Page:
Cover: U.S. Grain Reserves Policy

U.S. Grain Reserves Policy

Objectives, Costs, and Distribution of Benefits

Published 1977

by John P. Stein, Emmett B. Keeler, Rodney T. Smith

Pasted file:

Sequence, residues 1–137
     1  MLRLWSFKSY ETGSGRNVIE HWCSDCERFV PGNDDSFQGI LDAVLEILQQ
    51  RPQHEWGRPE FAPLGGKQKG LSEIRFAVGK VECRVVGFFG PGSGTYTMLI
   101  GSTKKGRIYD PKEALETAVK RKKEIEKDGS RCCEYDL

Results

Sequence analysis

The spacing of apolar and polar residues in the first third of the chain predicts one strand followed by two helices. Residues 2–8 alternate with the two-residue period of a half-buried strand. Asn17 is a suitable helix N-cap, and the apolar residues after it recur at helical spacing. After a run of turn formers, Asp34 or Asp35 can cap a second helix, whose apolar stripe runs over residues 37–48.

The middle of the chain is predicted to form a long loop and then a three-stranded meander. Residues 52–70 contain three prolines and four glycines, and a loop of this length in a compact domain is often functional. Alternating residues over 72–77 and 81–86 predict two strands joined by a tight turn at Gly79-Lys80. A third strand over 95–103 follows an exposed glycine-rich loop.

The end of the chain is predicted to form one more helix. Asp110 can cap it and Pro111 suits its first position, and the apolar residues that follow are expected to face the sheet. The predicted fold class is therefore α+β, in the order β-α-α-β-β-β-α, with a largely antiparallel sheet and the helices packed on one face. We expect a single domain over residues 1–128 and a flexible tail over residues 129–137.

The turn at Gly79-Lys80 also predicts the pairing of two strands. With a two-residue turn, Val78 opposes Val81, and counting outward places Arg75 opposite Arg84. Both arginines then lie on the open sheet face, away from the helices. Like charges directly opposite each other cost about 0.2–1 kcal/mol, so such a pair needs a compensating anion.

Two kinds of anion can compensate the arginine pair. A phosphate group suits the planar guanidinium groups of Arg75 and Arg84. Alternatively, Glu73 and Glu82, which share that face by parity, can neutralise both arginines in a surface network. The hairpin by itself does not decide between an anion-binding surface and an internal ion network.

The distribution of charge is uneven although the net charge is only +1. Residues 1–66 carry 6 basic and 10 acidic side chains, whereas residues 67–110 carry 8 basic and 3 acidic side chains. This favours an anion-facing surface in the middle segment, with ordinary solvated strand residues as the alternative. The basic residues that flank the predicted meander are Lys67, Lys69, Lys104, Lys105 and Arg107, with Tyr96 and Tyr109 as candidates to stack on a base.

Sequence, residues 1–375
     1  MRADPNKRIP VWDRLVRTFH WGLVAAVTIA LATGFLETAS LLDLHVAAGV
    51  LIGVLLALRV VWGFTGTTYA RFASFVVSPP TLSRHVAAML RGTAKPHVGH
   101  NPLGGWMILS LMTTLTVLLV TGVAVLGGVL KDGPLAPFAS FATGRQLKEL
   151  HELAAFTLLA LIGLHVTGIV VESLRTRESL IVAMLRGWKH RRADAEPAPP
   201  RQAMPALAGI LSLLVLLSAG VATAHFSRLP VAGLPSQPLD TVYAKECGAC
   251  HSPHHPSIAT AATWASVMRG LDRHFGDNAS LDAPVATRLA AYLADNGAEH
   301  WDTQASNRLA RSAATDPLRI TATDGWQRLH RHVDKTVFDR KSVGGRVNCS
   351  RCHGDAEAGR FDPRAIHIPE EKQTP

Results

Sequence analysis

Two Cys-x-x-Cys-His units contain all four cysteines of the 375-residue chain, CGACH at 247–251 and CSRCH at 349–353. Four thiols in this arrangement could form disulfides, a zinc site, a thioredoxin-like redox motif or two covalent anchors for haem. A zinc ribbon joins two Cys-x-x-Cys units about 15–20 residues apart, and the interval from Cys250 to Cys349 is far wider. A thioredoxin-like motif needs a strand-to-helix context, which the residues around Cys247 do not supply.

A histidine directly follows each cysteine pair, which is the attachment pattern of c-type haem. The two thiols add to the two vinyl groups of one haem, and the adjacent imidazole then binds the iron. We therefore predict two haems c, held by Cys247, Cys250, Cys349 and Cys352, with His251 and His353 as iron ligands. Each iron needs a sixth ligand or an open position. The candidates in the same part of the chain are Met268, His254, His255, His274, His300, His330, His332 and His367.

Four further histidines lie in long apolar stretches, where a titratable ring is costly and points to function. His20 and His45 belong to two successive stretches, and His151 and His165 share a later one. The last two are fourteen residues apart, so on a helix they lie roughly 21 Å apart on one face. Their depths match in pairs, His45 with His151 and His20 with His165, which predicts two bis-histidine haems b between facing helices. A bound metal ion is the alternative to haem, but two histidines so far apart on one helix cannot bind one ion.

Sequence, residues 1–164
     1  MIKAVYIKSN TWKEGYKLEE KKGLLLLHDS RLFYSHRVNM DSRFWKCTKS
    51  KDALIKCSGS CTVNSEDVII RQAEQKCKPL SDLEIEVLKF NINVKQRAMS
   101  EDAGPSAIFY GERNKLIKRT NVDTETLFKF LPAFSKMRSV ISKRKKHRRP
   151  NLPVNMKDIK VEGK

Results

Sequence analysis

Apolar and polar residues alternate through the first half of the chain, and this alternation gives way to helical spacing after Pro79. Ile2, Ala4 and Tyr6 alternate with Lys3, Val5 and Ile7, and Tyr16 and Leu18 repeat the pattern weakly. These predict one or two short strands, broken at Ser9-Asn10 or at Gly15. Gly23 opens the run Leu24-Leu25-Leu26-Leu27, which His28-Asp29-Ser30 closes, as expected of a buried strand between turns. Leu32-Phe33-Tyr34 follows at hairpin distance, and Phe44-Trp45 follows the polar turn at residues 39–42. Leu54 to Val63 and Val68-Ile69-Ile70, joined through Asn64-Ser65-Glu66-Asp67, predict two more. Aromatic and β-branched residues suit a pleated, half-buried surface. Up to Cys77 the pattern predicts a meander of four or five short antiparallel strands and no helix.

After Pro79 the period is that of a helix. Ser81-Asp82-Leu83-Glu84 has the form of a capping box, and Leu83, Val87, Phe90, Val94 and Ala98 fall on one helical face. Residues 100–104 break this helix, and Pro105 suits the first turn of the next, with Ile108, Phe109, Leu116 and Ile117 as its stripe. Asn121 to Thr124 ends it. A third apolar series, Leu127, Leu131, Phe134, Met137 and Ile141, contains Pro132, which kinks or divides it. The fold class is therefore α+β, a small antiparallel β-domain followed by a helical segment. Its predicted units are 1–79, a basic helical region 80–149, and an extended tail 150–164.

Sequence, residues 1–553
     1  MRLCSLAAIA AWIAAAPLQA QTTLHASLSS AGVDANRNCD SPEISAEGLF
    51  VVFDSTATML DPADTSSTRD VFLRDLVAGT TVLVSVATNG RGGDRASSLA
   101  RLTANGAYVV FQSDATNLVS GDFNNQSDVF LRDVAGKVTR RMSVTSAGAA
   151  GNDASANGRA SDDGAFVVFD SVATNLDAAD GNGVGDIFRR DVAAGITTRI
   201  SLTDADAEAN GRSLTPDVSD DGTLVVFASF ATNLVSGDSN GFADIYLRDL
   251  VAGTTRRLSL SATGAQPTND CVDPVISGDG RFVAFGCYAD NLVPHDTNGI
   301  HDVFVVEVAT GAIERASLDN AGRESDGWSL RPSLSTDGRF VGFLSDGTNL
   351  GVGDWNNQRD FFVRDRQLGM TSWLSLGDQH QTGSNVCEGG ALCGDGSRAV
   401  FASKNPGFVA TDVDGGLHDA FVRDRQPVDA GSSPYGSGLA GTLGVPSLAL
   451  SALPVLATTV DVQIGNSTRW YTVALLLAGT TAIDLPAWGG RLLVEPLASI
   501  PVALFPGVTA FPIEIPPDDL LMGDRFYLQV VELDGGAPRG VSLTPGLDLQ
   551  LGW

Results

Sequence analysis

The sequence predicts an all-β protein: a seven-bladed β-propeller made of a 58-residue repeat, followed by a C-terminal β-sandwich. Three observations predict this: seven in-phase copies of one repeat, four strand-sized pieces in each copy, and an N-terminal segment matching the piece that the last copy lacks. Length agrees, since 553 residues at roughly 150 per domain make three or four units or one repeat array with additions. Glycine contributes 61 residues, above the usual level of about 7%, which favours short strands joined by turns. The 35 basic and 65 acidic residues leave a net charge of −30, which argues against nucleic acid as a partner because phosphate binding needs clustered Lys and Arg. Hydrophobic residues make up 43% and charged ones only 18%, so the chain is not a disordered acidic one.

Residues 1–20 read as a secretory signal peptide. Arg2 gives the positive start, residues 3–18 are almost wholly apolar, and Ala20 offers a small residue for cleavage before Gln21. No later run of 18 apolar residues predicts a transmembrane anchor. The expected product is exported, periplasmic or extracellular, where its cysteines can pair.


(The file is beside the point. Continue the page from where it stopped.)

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Examines rationales for and against U.S. Government intervention in private grain storage, and simulates some of the costs and effects of intervention. Private storage activity already appears to be highly competitive. Distortions introduced by domestic agricultural policies and by a possible divergence between social and private discount rates are found to be insufficient justifications for government intervention. Stockpiling would not be anti-inflationary. The influences of grain stock policy on food aid policy and national diplomatic objectives constitute externalities that could justify intervention. We simulate the costs to world welfare, and the U.S. taxpayer of stabilizing grain prices through subsidization of private storage. Among other effects, price stabilization reduces U.S. export earnings. Most benefits from a government subsidized price stabilization go to consumers, particularly foreign consumers and meat-eaters. Price stabilization may raise or lower the mean price level; the resulting welfare effects could dominate the other effects of price stabilization.

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